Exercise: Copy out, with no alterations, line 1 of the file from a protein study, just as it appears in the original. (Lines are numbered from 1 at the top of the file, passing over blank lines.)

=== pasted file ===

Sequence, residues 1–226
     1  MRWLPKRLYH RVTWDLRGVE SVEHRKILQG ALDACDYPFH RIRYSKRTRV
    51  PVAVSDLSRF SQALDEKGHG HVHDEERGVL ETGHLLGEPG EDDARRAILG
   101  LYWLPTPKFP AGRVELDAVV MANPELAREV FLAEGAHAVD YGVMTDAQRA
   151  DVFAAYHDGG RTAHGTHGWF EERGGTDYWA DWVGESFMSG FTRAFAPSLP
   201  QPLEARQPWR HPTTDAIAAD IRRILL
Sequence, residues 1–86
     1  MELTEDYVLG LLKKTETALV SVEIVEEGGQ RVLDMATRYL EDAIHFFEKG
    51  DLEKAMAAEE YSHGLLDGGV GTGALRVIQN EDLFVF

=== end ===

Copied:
Sequence, residues 1–226